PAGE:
Teacher (Angelo Lascelles) and Paula (Shana Hinds) in a pivotal scene during ‘Looking Back at Sodom’.
The Teacher – an educator with a taste for women of the much younger variety; Madame, a reformed brothel owner who still has ties to world she left behind; Paula, a woman who returns from abroad, stripped of her dreams, left to carry nothing but her suitcase and a deadly virus; and Polo -?? the hustler, charlatan and villain.
These characters form part of the cast which bring the play Looking Back at Sodom to life.?? The theatrical piece tells a tale of abuse, betrayal, stigma and the impact of HIV and AIDS.
Such solemn themes are often difficult to face, but the laughter and crowd response from the audience at the play’s most recent showing would suggest that there is much more to Sodom than can be put to paper.
The Ministry of Tourism first hosted the play during Love Safely Week in February and again last weekend at the Princess Margaret Secondary School, St. Philip.?? It is a joint venture with the St. Philip HIV/AIDS Education Group and the St. Philip Constituency Councils.?? The Ministry’s HIV/AIDS Coordinator, Madge Dalrymple, revealed that the southern parish would not be the final stop for the play, as other Councils had indicated interest in having it hosted in their communities.
Although the activity surrounding Looking Back at Sodom is relatively recent, the piece dates back to 2000, when it won first prize in the HIV/AIDS Commission’s Playwriting Contest.?? According to writer and director, Winston Farrell, the play developed overtime into what is delivered to audiences today.
"The play mushroomed into what it was…I knew that I wanted to look at the issue of abuse and the issue of HIV/AIDS …as the characters came together, the play started to write itself.
"I was teaching a course at the Barbados Community College last year, 2010, so the majority of this cast would’ve been students in that class…[I was]?? teaching them community drama, and the students get to select the topics they want to look at…we had students interested in issues such as abuse, violence against women, so?? when we had to select a play, naturally I gravitated towards this text.?? The play debuted at Frank Collymore Hall, last year April, as a final year portfolio exam."
That showing was open to the public, as was the one held last Saturday night, and the attendees, who participated in a talk back session following the play, used the opportunity to share their thoughts on the production and what needs to be done in order for the public to understand that the threat of HIV/AIDS is very real.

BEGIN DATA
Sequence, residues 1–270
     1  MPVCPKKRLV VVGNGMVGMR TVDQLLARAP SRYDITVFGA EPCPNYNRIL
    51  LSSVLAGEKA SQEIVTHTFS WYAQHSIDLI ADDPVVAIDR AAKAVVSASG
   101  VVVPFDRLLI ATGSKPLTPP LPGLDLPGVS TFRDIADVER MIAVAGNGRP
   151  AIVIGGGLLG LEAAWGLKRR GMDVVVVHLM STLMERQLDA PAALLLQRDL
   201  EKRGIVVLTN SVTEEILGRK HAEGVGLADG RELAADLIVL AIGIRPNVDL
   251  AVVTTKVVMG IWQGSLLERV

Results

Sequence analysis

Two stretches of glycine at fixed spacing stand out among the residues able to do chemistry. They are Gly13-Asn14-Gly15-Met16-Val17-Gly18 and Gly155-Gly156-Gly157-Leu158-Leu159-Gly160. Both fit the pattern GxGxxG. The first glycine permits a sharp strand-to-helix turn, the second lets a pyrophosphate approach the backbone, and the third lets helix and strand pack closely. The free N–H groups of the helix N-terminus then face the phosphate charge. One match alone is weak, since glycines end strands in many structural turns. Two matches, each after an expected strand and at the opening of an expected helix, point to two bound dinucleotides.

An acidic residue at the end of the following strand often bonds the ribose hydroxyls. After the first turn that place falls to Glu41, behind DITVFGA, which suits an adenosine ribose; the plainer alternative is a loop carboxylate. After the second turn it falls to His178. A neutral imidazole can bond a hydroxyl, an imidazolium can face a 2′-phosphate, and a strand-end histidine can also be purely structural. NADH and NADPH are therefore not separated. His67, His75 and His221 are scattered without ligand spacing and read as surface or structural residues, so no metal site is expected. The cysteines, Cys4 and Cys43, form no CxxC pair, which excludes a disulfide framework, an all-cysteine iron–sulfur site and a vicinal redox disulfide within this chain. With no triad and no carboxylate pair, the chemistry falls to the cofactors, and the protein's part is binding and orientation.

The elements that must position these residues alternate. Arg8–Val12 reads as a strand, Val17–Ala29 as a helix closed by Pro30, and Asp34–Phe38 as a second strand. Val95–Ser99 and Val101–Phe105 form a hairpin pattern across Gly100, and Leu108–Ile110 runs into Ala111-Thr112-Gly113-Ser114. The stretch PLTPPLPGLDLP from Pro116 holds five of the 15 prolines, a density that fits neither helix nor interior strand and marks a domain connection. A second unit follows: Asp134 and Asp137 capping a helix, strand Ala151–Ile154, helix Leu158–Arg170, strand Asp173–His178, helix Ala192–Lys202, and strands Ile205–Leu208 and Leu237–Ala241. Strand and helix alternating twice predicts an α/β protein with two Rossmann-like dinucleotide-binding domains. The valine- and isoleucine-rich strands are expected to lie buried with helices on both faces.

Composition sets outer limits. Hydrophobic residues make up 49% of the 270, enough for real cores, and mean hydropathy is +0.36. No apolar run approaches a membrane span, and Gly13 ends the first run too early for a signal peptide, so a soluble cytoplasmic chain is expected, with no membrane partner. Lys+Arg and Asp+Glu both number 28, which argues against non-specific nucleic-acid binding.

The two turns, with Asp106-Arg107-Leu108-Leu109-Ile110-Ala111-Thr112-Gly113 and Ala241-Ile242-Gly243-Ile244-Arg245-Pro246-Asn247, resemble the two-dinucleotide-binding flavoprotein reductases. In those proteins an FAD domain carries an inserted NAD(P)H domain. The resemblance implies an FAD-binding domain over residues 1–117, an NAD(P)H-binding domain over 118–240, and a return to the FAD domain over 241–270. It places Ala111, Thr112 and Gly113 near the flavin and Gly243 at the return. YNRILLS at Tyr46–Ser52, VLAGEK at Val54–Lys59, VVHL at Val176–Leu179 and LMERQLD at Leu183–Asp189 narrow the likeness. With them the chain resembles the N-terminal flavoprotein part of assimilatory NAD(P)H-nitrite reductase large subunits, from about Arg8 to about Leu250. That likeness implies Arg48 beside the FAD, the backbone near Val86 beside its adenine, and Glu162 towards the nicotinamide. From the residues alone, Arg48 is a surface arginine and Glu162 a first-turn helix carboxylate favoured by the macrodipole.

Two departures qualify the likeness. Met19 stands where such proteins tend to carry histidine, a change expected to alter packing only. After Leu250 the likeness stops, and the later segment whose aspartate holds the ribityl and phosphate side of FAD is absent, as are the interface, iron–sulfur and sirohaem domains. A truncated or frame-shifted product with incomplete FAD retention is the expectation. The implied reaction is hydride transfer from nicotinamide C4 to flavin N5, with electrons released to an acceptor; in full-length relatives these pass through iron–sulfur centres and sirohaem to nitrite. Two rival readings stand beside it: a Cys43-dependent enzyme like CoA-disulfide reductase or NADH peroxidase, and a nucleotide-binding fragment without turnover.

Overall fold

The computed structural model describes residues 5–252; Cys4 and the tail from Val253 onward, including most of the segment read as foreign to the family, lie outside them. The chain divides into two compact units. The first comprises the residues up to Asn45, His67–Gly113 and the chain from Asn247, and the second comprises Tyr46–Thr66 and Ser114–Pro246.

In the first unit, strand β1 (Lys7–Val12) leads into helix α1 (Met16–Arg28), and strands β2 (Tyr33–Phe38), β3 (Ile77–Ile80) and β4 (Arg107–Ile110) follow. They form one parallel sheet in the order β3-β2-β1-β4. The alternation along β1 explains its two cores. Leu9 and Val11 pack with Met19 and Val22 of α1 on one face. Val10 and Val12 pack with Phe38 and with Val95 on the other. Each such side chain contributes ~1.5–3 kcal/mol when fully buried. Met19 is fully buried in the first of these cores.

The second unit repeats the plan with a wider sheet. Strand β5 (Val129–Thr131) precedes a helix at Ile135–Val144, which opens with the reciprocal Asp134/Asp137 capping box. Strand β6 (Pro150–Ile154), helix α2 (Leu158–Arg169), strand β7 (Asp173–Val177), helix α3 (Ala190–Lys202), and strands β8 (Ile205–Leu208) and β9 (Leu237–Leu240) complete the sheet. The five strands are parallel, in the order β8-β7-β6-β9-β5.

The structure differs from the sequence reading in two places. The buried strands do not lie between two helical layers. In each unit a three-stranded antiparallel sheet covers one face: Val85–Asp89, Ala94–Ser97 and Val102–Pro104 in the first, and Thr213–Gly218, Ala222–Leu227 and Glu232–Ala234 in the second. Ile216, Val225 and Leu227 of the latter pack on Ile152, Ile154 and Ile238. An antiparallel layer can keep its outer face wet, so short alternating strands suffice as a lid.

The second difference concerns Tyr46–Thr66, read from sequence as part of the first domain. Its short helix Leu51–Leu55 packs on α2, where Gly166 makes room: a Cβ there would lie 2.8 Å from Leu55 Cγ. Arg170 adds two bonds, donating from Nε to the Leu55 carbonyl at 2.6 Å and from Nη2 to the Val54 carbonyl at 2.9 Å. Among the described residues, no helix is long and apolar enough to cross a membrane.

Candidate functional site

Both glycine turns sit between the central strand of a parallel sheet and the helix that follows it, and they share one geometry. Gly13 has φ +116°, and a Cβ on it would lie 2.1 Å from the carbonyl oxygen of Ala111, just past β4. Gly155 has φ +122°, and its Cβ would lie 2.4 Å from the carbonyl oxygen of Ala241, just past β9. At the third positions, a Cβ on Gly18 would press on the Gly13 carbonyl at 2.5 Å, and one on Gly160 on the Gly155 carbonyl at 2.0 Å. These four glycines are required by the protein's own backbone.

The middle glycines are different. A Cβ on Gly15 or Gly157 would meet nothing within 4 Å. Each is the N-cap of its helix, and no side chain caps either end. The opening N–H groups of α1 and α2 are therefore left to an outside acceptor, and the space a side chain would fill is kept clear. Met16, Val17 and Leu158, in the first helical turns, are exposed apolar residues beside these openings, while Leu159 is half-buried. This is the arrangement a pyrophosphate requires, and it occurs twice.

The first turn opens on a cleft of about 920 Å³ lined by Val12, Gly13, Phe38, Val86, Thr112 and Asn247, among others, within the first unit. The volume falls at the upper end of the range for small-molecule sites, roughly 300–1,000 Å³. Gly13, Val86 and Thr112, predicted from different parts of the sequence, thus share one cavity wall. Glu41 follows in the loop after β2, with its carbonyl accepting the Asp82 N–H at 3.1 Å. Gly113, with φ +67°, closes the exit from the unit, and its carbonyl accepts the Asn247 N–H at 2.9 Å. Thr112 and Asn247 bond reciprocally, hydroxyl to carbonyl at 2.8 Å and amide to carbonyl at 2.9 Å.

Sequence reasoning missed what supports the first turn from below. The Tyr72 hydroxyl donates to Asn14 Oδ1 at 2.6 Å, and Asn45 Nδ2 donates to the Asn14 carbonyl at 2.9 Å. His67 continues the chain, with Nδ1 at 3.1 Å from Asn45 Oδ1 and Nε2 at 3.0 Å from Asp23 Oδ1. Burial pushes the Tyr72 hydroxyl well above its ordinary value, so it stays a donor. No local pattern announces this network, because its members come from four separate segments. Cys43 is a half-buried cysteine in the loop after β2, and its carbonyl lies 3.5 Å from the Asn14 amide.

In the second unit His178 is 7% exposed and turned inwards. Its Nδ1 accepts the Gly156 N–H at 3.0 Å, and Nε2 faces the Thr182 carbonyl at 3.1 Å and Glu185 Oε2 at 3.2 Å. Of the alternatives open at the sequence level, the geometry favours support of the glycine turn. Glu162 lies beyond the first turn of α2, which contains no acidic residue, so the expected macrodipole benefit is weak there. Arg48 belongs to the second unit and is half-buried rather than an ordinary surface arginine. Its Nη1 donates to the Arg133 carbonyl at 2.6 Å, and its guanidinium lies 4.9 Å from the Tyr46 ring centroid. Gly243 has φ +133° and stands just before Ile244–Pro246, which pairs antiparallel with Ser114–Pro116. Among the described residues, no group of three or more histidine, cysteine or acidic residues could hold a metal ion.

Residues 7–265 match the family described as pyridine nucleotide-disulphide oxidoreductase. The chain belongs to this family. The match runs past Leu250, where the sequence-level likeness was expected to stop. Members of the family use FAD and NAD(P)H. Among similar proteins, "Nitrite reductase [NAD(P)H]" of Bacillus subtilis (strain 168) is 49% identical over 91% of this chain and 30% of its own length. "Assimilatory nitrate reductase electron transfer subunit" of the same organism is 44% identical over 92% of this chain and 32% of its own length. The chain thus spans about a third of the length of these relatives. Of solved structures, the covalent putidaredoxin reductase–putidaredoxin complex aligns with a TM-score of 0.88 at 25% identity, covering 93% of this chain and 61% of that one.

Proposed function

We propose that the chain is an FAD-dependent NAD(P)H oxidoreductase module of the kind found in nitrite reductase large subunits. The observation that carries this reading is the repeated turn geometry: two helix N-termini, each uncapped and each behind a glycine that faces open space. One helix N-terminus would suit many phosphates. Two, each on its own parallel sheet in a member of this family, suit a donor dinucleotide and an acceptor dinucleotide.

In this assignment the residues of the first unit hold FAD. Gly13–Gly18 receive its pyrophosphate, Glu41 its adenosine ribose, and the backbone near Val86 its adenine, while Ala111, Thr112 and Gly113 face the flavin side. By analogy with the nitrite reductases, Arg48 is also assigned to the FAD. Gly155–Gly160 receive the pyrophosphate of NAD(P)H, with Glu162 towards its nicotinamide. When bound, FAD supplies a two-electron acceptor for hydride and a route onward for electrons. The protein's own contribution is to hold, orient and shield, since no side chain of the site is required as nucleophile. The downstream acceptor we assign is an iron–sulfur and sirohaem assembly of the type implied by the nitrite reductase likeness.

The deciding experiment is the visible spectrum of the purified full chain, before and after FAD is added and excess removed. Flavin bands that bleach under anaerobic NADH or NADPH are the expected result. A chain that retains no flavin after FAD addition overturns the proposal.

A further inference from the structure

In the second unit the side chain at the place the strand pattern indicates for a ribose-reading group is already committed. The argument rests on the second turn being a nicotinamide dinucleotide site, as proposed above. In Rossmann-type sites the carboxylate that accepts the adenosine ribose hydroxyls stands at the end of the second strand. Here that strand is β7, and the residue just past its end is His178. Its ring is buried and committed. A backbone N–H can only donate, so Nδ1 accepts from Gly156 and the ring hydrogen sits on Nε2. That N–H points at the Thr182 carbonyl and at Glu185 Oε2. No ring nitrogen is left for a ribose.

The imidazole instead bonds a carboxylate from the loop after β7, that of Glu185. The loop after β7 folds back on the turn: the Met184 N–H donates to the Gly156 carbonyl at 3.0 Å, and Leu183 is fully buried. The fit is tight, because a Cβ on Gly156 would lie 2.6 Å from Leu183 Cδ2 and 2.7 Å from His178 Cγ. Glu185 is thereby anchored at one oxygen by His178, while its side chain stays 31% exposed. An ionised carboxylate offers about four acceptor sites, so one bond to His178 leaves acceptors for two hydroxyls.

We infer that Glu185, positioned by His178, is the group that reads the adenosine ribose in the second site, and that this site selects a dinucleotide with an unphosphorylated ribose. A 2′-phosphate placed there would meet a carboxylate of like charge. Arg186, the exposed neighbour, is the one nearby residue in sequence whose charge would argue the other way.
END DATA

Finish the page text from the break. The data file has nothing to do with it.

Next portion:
One audience member, Tina Puckerin, explained that one issue relevant to the spread of HIV/AIDS was transactional sex, where relationships are formed based on the exchange of sex for gifts and money.?? She remarked that the practice was prevalent among youth, especially females, and noted that esteem played an important role in changing behaviour.
"The only way that I can think of to really help young people is to break the taboo about sex and the body and how women feel about their bodies.?? Because if you really feel good about yourself, you won’t [exchange it] for money," she offered.
Ashley Corbin – who delivered the role of young student and Teacher’s pet, Nathalee, in the play – suggested that the first step was to determine exactly what young people understood about topics relevant to HIV and AIDS.??
"We usually talk about sex but we need to go back a little bit and find out what our youth consider to be sex. Because there are other things that young people do that they think is ???safe’ for them to do because it’s not the actual [act]…," she observed, adding that it was misconceptions that often led to risky behaviour and, ultimately, sexually transmitted diseases.?? Leanne Humphrey, who played the matriarch, Madame, suggested that the common belief that ???children are children and adults are adults’ led to young people’s hesitance to share their thoughts and experiences with persons in their family.
The production is not the Ministry’s first foray into using dramatic art to raise awareness about HIV and AIDS.?? Producer for Looking Back at Sodom, Cecily Spencer-Cross, revealed the long history between theatre and the Ministry’s efforts to raise awareness.
"For the last five years I’ve been working with the Ministry of Tourism using theatre for HIV/AIDS [awareness] …when I saw this play, I thought it would’ve been an ideal production to educate people…I always tell people about the night that we did ???Final Truth’.?? We always have a discussion after [the play] and ??this woman got up one night and said ???this is not a play, this is my life story – the man said to me that he was not HIV positive, he even showed me a piece of paper and now here I am telling you that I am HIV positive’.?? And from that day I knew that drama worked.?? And she may
have been the strong one to get up and say it, but there are other people in the audience sitting there saying, you know, this has touched my life," she stressed.????
As with any production, the message is as crucial as its messengers, and the talented cast embodied their roles – Shakira Forde as the young and rebellious Yasmin; Shana Hinds as the troubled, prodigal daughter, Paula; Levi King, as the frank and outspoken Ralphe; Angelo Lascelles as the charming and dramatic Teacher; Dainika Bynoe, as Kim, who gave extra punch to the final scene, and Matthew ???Kupakwashe’ Murrell, as Polo – the character with whom the chaos begins and ends.
The audience expressed appreciation for the play and the efforts being made to tackle the ever present issue of HIV/AIDS.?? However, even after the applause has subsided and the crowd goes home, the cause remains and Looking Back at Sodom always leaves a simple reminder, with all those who see it – there is still much more to be done.